How far away is the nearest powerpoint from the parking garage? Is it possible to run a very long lead - or is that just plain impractical? How about solar panels, - or is the parking garage totally out of the sun like being underground?
    OMNIPOTENS aeterne Deus, qui nos secundum imaginem Tuam plasmasti, et omnia bona, vera, pulchra, praesertim in divina persona Unigeniti Filii Tui Domini nostri Iesu Christi, quaerere iussisti, praesta quaesumus ut, per intercessionem Sancti Isidori, Episcopi et Doctoris, in peregrinationibus per interrete factis et manus oculosque ad quae Tibi sunt placita intendamus et omnes quos convenimus cum caritate ac patientia accipiamus. Per Christum Dominum nostrum. Amen.

  9. #9
    Pedaling fool ShinyBiker's Avatar
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    Thanks, Sianelle.

    Yes, I park my bike underground so there is nothing but dim flouresent lighting down there. The only outlet that I've seen is to the parking attendants booth which is at the entrance to the garage. I would need a very long cord and you also have the problem of cars running over it (as well as getting the ok from the parking guy!).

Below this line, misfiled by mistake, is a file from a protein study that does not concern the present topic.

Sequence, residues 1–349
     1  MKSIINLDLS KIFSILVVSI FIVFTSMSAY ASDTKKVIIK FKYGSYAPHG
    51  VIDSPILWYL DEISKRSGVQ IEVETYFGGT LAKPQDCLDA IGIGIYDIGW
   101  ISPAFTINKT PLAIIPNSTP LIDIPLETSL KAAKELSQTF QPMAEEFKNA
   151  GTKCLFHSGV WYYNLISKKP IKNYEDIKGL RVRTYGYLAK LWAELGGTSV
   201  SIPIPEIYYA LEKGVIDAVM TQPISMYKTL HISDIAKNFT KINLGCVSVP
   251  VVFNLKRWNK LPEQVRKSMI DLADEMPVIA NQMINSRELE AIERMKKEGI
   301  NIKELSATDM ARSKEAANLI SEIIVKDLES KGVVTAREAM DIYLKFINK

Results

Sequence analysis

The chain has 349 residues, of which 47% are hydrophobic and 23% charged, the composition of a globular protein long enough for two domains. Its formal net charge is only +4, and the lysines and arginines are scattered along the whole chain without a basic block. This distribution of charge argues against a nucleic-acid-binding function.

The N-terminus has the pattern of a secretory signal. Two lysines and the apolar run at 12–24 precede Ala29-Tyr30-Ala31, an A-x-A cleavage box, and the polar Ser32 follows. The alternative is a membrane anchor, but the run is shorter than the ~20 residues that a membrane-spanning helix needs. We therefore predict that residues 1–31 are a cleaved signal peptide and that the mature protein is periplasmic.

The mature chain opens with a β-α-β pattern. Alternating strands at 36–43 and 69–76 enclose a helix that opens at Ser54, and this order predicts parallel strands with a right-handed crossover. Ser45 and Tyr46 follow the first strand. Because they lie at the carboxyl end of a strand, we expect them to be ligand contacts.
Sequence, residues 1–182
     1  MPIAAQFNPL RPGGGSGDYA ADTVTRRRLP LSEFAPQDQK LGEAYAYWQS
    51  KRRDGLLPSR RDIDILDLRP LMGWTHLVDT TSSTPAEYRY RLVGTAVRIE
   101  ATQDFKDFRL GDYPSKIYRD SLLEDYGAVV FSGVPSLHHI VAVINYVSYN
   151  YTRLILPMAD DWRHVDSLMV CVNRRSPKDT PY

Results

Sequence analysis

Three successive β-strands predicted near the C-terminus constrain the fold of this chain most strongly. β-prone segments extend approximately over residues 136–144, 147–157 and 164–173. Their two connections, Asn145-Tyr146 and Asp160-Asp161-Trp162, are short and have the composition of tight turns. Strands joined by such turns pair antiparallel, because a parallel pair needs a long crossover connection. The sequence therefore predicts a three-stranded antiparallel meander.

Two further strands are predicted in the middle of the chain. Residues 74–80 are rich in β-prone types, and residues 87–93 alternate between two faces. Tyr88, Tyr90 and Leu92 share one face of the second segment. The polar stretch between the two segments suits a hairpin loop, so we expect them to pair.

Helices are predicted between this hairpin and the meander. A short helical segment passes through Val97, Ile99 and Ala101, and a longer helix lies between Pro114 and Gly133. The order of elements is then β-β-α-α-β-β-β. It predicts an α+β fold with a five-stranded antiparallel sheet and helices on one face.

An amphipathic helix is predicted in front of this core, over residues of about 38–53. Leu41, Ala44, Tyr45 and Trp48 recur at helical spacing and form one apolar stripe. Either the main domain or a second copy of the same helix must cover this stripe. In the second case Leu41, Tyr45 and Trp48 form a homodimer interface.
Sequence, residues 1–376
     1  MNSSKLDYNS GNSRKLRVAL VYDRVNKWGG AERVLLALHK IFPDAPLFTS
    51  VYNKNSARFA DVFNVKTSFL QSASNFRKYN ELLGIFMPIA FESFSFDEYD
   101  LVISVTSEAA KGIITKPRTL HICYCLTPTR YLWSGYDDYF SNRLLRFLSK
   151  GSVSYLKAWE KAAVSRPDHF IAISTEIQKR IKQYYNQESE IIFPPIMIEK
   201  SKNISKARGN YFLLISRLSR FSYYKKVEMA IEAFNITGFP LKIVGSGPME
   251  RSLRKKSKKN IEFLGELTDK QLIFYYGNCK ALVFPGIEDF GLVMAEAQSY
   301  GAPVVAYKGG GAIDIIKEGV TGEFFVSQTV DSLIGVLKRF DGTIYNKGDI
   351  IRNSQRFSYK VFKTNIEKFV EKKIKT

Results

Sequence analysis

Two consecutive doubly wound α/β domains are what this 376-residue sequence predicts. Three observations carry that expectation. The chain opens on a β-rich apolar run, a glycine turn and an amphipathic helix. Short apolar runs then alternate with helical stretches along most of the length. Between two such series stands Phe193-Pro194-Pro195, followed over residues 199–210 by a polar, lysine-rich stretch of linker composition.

I wouldn't mind having to replace those SLAs if they go bad. Primarily because of the weight. I understand that the slightly lighter Nimhs have no memory effect and the super light, but expensive lions, too. That won't be happening soon which is fine too. I may even buy one of those desulfinators when I start losing capacity.

  10. #10
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    Quote Originally Posted by ShinyBiker View Post
    I understand that the slightly lighter Nimhs have no memory effect and the super light, but expensive lions, too.
    NiMh saves little weight compared to SLA and they must be excersized regularly to maintain full capacity. My NiMh probably lose 10% or more of their charge per week when sitting unused. But, they don't suffer from damage in between discharges like SLA. They also have a very good shelf life but will require a few charge/discharge cycles to restore full capacity when placed back into service.

    Lithium is quite good about sitting in charged state and being ready to go weeks later! The weight savings is also very impressive along with a high power output. Charging and cost make them less ideal but the technology is improving rapidly and I think cost will only go down over the next few years. Lithium doesn't seem to have the shelf life of NiMh or Lead so you need to use them regularly before they reach their expiration date.

    Hard to beat lead for low cost, ease of charging and reliabilty but the weight is really what turns me off.